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Praying with Grandpa, and the evolution of purgatory

 

By Joseph Foy

10/25/2017

When I was a seventh grader in St. Ann’s School, Monsignor Sprenke often came to teach our religion class. He was friendly and let us pepper him with questions.

Just before Halloween, he gave us a talk: “The first day after Halloween, we will celebrate one of the three greatest feasts of the year: there’s Christmas, there’s Easter, and there’s All Saints Day.”

Really? There is something else that ranks up there with Christmas and Easter?

A hand shot up: “Monsignor, how many saints are there?” I remember his answer to this day: “Millions,” he said, “Millions and millions! That’s what All Saints Day is about. It’s not a feast for the saints who have their own special days, like St. Ann and St. Joseph and St. Peter. It’s a day set aside to honour ALL the holy people who are now with God in heaven. Like your grandparents, and their parents, right on back, hundreds and hundreds of years. All your ancestors. They are saints too, you know. From all over the world. All united together in heaven. We call this The Great Communion of Saints. AND — he looked at us for a long time — you and I are spiritually connected to those people; all of us; we are all part of that great Communion of Saints. That is one of the greatest teachings of our church. It’s right in the Apostles Creed.”

He went on: “The next day, the one after All Saints Day, is called All Souls Day, and it is also very important. On that day we all pray as hard as we can for all the poor souls still in purgatory, to help them get out.” (I still remember that phrase: the “poor souls.”)

We knew about purgatory from our Catechism: after you died, a few very, very good people went directly to heaven, but everybody else went to purgatory to receive the punishment they deserved for their many sins. Not a nice place, purgatory. It was just like hell, a fire pit, but with one big difference: you eventually got out.

The monsignor had just created for me a big problem. I had once asked my dad, “What church did you and your dad go to?” Dad told me he went to St. Alphonsus, “but my dad didn’t go to church. He always encouraged me to go, but he never went himself.”

A grandfather who never went to mass on Sunday? Grandpa Foy was not with God in heaven? I figured he must be stuck in purgatory.

Then, to our teacher Sister Mary Gertrude’s stunned surprise, Monsignor finished up by saying: “On All Souls’ Day, whenever you are finished with an assignment, you can go next door to the church and pray for one of your ancestors. Say a rosary and God will let them out of purgatory sooner.”

For years I said the rosary on All Souls Day for Grandpa Foy, to help him get out of purgatory.

Flash forward a dozen years and I am taking early church history at a papal university from Professor Johannes Quasten, a world expert. A question came up: “Where did the idea come from that purgatory is a fire pit?”

“The fire pit image of purgatory is very common in our western church,” said Quasten, “but there is an alternative.” Now I was really listening. “The ancient churches of the Middle East did not buy that idea. Their idea of purgatory was different: when someone dies, and it is time for them to be ushered into the presence of God, they say, ‘Wait! I’m not ready for this. I have been selfish, greedy, mean; I’ve hurt too many people, too many times.’ ”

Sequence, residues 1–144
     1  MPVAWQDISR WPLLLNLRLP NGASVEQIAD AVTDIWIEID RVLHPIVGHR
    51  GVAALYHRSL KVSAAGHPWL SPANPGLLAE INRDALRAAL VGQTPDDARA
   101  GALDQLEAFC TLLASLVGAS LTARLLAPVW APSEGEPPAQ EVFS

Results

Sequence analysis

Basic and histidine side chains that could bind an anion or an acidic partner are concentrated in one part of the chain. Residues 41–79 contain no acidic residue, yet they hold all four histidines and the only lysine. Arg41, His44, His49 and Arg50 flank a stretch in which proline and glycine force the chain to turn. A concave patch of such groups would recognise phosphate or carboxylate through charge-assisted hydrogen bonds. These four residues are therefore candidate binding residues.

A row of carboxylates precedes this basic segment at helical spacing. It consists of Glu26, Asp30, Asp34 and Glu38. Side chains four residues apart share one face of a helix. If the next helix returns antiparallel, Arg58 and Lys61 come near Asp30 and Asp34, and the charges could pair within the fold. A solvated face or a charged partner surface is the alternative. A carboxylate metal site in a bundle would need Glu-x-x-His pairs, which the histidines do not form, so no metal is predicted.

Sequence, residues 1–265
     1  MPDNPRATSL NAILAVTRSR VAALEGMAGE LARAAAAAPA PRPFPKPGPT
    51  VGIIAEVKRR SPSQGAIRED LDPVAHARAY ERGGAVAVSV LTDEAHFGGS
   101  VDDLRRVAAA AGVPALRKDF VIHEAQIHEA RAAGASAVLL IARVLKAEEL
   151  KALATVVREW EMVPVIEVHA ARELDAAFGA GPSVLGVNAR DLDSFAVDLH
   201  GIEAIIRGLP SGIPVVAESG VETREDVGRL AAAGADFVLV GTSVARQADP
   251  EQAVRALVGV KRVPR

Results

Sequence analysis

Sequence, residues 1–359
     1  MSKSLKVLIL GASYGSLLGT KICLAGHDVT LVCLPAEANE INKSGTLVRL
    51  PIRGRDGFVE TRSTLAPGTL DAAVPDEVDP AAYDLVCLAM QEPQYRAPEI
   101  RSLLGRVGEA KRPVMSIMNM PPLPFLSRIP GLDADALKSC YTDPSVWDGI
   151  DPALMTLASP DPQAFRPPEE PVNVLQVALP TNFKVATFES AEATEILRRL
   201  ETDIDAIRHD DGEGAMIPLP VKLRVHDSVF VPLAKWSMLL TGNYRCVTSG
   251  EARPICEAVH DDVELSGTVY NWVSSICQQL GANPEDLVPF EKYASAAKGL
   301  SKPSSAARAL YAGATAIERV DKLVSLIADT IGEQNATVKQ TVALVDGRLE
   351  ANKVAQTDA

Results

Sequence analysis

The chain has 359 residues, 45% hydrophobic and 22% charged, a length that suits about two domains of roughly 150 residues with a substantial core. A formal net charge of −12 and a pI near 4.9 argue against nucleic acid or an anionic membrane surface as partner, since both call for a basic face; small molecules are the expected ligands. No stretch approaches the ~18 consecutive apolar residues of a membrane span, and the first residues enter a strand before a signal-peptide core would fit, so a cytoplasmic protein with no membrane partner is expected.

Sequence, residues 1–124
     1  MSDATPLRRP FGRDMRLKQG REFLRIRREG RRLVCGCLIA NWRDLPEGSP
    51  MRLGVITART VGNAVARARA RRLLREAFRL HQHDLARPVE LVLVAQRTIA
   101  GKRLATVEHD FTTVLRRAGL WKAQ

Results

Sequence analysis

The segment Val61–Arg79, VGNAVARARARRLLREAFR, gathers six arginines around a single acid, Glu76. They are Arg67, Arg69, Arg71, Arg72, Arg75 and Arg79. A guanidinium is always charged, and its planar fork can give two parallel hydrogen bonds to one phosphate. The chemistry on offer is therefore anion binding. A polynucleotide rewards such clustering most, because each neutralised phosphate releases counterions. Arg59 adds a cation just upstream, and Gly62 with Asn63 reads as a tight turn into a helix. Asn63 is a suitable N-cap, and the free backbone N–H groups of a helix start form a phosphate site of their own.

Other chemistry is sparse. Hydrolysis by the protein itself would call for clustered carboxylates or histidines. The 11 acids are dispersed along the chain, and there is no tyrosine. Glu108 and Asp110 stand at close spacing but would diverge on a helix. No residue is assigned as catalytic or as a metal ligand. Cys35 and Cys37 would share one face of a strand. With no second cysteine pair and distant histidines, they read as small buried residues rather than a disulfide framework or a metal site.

“So the angel says, ‘That’s OK, you don’t have to go in until you’re ready. Go over into that garden and rest for awhile.’ And they do. And then, to their surprise, Jesus walks into the garden! He begins to teach them how not to be selfish, not to be greedy, not to be mean, not to hurt people. In short, how to love. And then, when they feel ready, he takes their hand and they go out of the garden and into the loving embrace of their forgiving Father.”

I was thunderstruck. The fire pit had just turned into a garden. The garden had a regular visitor named Jesus.

I didn’t get much sleep that night. And, after that, I stopped going to church on All Souls Day. I figured, no need to; Grandpa was in good hands.

Some years later a Sunday sermon mentioned the idea of “praying with the saints,” which got me thinking about Grandpa again. Maybe I should be praying with Grandpa. Think about it. Suppose you are visiting someone very sick. You might ask, “Would you like to pray for a moment together?” I have done that, and mostly folks say yes.

There is something comforting about praying to our God of mercy along with someone else. So now, on both All Saints Day and All Souls Day, I quietly say, “Grandpa, let’s pray together.” It feels right, because I believe in the Apostles Creed, which teaches the Communion of Saints. And that means Great-grandma Kelly and Grandma Alice and Dad and Mom and my brother Dan and Uncle Eddie and Aunt Marie and all sorts of ancestors are all linked together — and they are all praying right along with Grandpa and me.

I have no way of knowing whether Grandpa is now in the presence of God, or still getting ready. No matter, because I believe he is in good hands. We are both part of the Mystical Body of Christ, embraced by the Holy Spirit.

Joe Foy writes from Hantsport, Nova Scotia.